We present our recent experience with a 6-month-old infant with a personal history of short bowel syndrome that presented with fever, cyanosis, and cardiogenic shock secondary to severe pulmonary hypertension and right ventricular failure without pulmonary thromboembolism. He did not present signs of toxin-mediated disease or Kawasaki disease. He was finally diagnosed with SARS-CoV-2 infection. If this presentation is confirmed in future research, the severe cardiovascular impairment in children with COVID-19 could be also attributable to the primary pulmonary infection, not only to a multisystem inflammatory syndrome but also in children without heart disease.


Subject(s)
Computed Tomography Angiography , Coronavirus Infections , Heart Failure , Hypertension, Pulmonary , Pandemics , Pneumonia, Viral , Shock, Cardiogenic , Systemic Inflammatory Response Syndrome , Betacoronavirus/isolation & purification , COVID-19 , Computed Tomography Angiography/methods , Coronavirus Infections/complications , Coronavirus Infections/diagnosis , Coronavirus Infections/drug therapy , Coronavirus Infections/physiopathology , Coronavirus Infections/therapy , Critical Care/methods , Echocardiography/methods , Electrocardiography/methods , Heart Failure/diagnosis , Heart Failure/etiology , Heart Failure/physiopathology , Heart Failure/therapy , Humans , Hypertension, Pulmonary/diagnosis , Hypertension, Pulmonary/etiology , Infant , Male , Pneumonia, Viral/complications , Pneumonia, Viral/diagnosis , Pneumonia, Viral/physiopathology , Pneumonia, Viral/therapy , Radiography, Thoracic , Respiration, Artificial/methods , SARS-CoV-2 , Severity of Illness Index , Shock, Cardiogenic/diagnosis , Shock, Cardiogenic/etiology , Systemic Inflammatory Response Syndrome/diagnosis , Systemic Inflammatory Response Syndrome/physiopathology , Treatment Outcome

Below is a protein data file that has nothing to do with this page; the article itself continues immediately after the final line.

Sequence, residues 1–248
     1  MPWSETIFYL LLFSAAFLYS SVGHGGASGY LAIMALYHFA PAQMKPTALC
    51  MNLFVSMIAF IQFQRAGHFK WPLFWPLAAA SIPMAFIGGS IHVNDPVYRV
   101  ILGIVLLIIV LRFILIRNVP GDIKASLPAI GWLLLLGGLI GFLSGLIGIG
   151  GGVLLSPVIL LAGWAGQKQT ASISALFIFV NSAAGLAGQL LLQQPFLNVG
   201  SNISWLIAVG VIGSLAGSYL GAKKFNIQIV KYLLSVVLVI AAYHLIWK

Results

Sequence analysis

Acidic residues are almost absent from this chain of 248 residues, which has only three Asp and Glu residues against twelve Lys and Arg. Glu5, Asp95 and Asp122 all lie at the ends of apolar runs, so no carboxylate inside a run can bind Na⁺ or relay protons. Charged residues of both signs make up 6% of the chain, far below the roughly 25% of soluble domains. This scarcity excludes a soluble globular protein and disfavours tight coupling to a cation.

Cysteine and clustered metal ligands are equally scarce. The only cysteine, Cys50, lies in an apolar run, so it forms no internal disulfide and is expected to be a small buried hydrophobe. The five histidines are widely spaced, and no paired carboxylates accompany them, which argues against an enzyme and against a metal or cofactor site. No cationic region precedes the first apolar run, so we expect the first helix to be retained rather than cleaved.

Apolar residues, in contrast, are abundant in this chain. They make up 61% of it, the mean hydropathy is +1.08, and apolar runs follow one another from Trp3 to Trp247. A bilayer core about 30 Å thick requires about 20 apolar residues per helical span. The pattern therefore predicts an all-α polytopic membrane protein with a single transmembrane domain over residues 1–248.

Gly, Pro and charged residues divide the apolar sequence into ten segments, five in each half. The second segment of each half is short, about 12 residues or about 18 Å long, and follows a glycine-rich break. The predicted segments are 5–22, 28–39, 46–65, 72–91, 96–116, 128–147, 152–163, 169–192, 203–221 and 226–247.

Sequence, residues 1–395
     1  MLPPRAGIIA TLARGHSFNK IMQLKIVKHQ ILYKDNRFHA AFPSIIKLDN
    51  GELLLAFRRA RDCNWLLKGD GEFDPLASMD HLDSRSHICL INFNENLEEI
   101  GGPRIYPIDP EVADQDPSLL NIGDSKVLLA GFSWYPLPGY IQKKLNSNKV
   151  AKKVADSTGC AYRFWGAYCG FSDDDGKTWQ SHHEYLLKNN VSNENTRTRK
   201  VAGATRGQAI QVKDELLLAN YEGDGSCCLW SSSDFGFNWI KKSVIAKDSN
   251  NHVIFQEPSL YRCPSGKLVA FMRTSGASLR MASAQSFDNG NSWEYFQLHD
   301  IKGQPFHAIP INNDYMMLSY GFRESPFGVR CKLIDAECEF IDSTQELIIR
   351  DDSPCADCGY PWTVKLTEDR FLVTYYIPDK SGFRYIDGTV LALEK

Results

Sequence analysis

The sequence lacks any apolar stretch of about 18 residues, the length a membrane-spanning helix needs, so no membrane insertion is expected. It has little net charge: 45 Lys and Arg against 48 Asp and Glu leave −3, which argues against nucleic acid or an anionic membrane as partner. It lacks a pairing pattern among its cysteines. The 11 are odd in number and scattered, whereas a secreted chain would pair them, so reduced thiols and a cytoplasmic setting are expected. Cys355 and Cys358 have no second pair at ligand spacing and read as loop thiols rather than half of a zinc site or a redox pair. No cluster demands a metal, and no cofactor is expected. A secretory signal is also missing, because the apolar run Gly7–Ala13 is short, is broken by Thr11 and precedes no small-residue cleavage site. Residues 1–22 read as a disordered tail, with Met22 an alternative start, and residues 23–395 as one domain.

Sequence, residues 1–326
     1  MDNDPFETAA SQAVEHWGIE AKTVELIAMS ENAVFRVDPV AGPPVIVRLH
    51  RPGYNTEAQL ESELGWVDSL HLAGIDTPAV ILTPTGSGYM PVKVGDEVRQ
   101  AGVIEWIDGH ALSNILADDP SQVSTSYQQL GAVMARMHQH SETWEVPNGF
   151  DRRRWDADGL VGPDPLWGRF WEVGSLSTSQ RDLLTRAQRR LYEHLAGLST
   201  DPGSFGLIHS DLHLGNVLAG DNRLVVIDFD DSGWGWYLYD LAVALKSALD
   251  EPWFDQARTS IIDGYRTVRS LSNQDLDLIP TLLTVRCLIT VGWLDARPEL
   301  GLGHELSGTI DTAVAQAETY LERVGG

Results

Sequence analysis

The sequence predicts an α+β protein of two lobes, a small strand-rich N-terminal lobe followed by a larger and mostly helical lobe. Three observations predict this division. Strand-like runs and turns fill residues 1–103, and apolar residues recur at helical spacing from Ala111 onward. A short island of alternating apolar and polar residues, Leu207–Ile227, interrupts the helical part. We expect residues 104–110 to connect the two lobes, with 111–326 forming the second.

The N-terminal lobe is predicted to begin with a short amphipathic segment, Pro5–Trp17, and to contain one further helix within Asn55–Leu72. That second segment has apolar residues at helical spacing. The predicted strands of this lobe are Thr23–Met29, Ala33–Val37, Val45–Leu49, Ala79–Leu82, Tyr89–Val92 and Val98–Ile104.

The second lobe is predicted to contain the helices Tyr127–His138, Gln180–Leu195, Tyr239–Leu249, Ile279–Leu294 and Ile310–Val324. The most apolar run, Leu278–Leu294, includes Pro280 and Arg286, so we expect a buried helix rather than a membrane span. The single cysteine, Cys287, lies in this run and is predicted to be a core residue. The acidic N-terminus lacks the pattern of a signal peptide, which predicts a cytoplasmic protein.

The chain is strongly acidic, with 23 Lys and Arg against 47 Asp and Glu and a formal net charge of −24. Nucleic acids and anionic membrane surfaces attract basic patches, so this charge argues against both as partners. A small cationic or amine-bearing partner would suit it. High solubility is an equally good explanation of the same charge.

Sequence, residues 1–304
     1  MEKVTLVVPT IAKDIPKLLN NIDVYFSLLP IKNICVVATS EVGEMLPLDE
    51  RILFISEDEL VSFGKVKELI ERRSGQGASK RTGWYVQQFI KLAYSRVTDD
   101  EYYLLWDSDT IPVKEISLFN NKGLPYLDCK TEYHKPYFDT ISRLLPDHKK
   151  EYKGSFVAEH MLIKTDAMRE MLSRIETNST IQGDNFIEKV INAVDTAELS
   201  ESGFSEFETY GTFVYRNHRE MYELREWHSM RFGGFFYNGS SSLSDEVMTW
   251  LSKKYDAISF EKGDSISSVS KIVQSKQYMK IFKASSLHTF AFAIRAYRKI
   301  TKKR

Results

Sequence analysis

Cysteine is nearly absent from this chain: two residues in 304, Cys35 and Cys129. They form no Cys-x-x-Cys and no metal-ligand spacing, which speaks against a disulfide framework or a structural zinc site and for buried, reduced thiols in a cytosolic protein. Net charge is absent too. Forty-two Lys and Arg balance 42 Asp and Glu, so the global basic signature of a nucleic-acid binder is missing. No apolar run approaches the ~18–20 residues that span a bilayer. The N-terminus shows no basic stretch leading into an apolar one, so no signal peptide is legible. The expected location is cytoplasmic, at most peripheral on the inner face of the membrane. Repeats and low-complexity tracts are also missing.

11.
Cardiovasc Revasc Med ; 28S: 50-53, 2021 07.
Article in English | MEDLINE | ID: covidwho-1046543

ABSTRACT

Takotsubo's syndrome (TTS) is a form of stress cardiomyopathy with a relatively benign long-term course, but may lead to arrhythmias and cardiogenic shock in the acute setting. Despite a recent rise in suspected stress-induced cardiomyopathy, the relationship between the novel coronavirus disease 19 (COVID-19) and TTS is not fully understood. Early recognition of TTS in these patients is important to guide management and treatment. We present 2 cases of TTS arising in the setting of COVID-19 with rapid progression to biventricular heart failure and cardiogenic shock.


Subject(s)
COVID-19 , Heart Failure , Takotsubo Cardiomyopathy , Humans , SARS-CoV-2 , Shock, Cardiogenic/diagnosis , Shock, Cardiogenic/etiology , Shock, Cardiogenic/therapy , Takotsubo Cardiomyopathy/diagnosis , Takotsubo Cardiomyopathy/therapy
12.
Am Surg ; 88(2): 174-176, 2022 Feb.
Article in English | MEDLINE | ID: covidwho-999385

ABSTRACT